From AdAge: The Official Social Media and Mobile Glossary of 2010

I'm so out of the iPhone arena at this time, since I'm usually tethered to my desktop with a VOIP phone that most of these terms were new to me. I geek-speak pretty well, but this is in another category altogether. Perhaps most of you are familiar — or guilty of committing these terms below.

Top 20 Labels, Buzzwords to Describe Our Curious Stampede to the Social-Media and Mobile Future

by Pete Blackshaw 
Published: January 12, 2010

like it sounds, earned media that goes horribly negative, invades
otherwise pristine search results or bleeds into traditional media. Bad
customer service is a top driver of "spurned media."

alarming tendency to have our necks titled down or shifted sideways —
ever glued to our mobile device. This anywhere, anyplace epidemic is
increasingly common in cars, airplanes and crosswalks. Closely related
to term "Eyevoidance," where no one looks at anyone anymore.

device warriors who hog outlets anywhere they can find them — in the
airport, via the USB port of a colleague's computer, even a restaurant
reservation desk. They get a charge from a charge.

bad piece of news or an embarrassing brand episode (e.g., an activist
protest or a social-media campaign that backfired) that just won't go
away in a brand's Wikipedia description. PR pros often give false hope
to brands of removing the warts, but relentless Wikipedia editors put
them right back.

curious neurosis that compels folks to sleep with their Blackberry or
iPhone. The afflicted can't stop checking — even in late hours — for
responses to tweets or blog and Facebook posts.

everything you post actually decreases your friend and follower count.
Even when you friend or follow others, the rules of reciprocity just
don't apply. Soul searching is typically in order here.

you are talking to someone on the phone and they notice an unrelated
tweet or Facebook status update from you showing up in real-time. Bad
form — don't do it. (Trust me!)

inevitable outcome of app overload. Very common among iPhone users who
download so many apps they can't find their address book. Appfusion can
lead to as many problems as the apps solve.

consumer who "friends" or "fans" a brand, only to never return for a
second date. Brands feed the cycle by forgetting to court the consumer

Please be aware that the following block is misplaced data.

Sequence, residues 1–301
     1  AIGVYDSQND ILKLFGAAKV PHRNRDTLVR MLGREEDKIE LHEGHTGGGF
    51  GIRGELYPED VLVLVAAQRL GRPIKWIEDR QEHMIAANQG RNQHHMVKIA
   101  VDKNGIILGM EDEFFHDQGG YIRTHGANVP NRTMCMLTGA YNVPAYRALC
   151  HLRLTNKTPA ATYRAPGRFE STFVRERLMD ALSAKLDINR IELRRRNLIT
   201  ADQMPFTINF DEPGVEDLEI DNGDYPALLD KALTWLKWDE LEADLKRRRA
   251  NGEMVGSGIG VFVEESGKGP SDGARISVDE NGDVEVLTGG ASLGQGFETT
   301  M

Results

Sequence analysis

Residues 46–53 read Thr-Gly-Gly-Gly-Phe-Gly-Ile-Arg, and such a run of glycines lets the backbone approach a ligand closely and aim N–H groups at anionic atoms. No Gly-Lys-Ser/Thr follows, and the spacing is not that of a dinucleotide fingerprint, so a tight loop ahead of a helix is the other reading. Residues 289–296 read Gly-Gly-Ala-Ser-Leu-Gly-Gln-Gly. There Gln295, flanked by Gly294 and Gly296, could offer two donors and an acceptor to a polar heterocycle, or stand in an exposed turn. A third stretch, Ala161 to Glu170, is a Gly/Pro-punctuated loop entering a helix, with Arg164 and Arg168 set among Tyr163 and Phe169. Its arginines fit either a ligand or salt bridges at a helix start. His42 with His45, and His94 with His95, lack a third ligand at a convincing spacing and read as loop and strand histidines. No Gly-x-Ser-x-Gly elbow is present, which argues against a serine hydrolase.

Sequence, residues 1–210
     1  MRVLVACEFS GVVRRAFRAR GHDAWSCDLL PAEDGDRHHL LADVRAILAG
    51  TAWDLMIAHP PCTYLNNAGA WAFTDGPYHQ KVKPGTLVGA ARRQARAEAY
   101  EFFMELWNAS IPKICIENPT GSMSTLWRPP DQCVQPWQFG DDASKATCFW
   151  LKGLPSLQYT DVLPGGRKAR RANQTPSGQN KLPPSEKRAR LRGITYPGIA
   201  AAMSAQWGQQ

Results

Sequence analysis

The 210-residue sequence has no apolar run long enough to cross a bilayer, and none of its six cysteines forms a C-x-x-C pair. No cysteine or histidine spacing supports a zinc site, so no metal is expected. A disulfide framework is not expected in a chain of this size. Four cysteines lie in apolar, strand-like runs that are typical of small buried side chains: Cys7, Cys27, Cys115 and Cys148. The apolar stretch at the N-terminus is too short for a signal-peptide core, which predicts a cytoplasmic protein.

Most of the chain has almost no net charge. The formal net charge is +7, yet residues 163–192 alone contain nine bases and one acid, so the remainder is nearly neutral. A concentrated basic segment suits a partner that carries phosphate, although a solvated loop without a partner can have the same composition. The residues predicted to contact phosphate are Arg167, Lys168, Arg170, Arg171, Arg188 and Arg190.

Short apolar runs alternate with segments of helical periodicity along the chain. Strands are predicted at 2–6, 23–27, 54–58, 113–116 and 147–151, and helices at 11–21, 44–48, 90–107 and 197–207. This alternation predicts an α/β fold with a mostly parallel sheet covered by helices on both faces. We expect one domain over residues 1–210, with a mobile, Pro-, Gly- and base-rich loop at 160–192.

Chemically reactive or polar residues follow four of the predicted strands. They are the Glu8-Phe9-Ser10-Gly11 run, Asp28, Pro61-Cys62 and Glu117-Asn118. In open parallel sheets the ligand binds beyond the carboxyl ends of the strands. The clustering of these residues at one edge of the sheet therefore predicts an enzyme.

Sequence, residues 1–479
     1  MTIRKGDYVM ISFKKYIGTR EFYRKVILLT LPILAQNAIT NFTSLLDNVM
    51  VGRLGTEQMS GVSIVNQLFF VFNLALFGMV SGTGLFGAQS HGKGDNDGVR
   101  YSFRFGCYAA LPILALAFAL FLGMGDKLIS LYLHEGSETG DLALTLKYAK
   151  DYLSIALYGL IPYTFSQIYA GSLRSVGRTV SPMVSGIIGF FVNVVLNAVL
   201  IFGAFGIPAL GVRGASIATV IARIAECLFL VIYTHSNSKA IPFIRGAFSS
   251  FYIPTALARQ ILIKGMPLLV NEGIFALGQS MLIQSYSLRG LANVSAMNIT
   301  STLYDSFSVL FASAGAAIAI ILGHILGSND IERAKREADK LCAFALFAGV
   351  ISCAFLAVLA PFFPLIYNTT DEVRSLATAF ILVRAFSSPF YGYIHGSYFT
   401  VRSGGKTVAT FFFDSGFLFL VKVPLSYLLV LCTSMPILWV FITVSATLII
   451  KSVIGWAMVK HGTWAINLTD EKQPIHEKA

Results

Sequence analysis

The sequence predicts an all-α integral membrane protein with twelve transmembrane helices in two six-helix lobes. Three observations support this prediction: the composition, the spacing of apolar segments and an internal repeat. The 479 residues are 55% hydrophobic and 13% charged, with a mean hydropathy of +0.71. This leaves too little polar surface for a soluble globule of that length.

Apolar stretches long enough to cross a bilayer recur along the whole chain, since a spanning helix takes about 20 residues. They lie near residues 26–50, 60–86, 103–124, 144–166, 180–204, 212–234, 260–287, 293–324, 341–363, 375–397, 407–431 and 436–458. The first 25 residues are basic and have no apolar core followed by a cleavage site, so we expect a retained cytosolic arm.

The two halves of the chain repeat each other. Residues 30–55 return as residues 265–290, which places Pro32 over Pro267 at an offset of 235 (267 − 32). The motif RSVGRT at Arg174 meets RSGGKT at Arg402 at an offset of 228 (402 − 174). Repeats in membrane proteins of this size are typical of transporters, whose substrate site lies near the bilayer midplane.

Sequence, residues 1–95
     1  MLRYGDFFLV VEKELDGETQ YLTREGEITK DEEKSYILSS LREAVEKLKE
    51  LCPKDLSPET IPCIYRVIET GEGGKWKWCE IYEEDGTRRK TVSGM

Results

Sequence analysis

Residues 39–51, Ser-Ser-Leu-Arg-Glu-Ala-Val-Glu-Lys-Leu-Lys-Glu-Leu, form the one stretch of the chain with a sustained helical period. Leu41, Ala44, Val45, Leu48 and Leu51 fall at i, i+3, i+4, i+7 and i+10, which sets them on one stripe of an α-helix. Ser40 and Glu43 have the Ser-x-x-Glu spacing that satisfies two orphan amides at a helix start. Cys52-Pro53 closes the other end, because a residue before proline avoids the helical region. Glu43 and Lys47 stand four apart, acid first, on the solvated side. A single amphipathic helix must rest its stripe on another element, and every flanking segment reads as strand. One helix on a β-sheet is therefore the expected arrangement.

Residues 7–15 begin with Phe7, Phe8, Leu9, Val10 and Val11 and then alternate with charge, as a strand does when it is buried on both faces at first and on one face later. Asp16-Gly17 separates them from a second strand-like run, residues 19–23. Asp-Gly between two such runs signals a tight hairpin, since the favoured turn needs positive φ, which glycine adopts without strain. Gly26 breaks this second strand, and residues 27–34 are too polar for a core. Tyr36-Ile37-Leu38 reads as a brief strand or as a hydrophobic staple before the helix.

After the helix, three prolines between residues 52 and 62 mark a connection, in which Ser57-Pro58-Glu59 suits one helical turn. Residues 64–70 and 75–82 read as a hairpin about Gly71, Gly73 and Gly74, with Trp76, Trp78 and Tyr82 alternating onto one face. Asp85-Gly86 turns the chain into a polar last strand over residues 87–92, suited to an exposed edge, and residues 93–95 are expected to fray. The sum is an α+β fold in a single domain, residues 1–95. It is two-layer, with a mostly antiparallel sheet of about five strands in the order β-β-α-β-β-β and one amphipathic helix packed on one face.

with engaging, interesting or sustaining content or value.

huge gap between what marketers preach about social-media
"conversations" and the brand's actual customer-service or call-center
operations. Stems from cost vs. profit-center tension.

organic search results suddenly go haywire, or shift to the dark side,
thanks to the link-love logic of social media. Consider Tiger Woods'
search-result shift from 95% positive to 60% hostile (in a matter of
days). Or how brands with highly publicized service failures quickly
acquire shelf-venom.

mojo that fuels intense "mine's bigger/better" conversation about
mobile apps. "Dude, you got Bump, but I've got FourSquare." Marketing
techies are loaded with Apptosterone.

condition that typically slaps you in the face when reading your credit
card bill and you see dozens of "dollar" charges for music and "what
the heck" iPhone or mobile apps. Expect much more of this as it gets
worlds easier and more convenient to pay for online content. (Good news
for publishers!)

frighteningly popular tendency we have to "open up" our friend network
to a cool, unknown social-media service or app. Ego, vanity and
impatience often collide with rationality here.

guy (or gal) who keeps the "electronic device" going well past the
airline warnings and prohibitions. We see them everywhere, and no one
is innocent here.

who has abandoned his or her blog for Twitter or some other
lower-hassle social-media substitute. This was big in 2009, and we'll
likely see much more of it in 2010.

from your past who "friend" you (e.g., folks you marginally knew from
the high-school quad) and who seem to comment on everything you post on
Facebook. Mostly benign, but a tad curious.

or mixing Twitter posts so axe murderers don't know you're miles from
home. Increasingly common as a spousal and family covenant among folks
who travel with high frequency.

almost unstoppable cacophony of loud voices barking all manner of
silliness into the airwaves thanks to Bluetooth devices. You see this
on every street corner and curb.

bathroom detour from a meeting or conversation in order to check
e-mail, Twitter or the latest and greatest via an app. (Swear on the
Bible, I don't do this … but I'm told lots of others do.)

we all need — at least in doses. As we've learned, total digital
immersion has side effects. Let's all pursue a roadmap for balance in
2010. (This is likely the topic of my next book, so send feedback.)